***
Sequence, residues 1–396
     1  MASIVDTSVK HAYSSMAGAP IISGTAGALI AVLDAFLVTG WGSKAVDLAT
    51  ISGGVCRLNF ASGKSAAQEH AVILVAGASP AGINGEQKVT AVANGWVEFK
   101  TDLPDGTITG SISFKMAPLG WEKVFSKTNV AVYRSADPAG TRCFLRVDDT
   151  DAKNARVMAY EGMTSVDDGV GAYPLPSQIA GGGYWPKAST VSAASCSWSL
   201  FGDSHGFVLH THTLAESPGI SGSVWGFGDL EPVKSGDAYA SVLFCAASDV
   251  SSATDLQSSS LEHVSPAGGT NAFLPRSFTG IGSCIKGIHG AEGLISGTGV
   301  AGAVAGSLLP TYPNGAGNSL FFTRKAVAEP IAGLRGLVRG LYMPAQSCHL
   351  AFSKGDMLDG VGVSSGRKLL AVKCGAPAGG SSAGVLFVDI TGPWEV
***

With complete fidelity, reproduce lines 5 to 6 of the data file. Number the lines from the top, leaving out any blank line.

   151  DAKNARVMAY EGMTSVDDGV GAYPLPSQIA GGGYWPKAST VSAASCSWSL
   201  FGDSHGFVLH THTLAESPGI SGSVWGFGDL EPVKSGDAYA SVLFCAASDV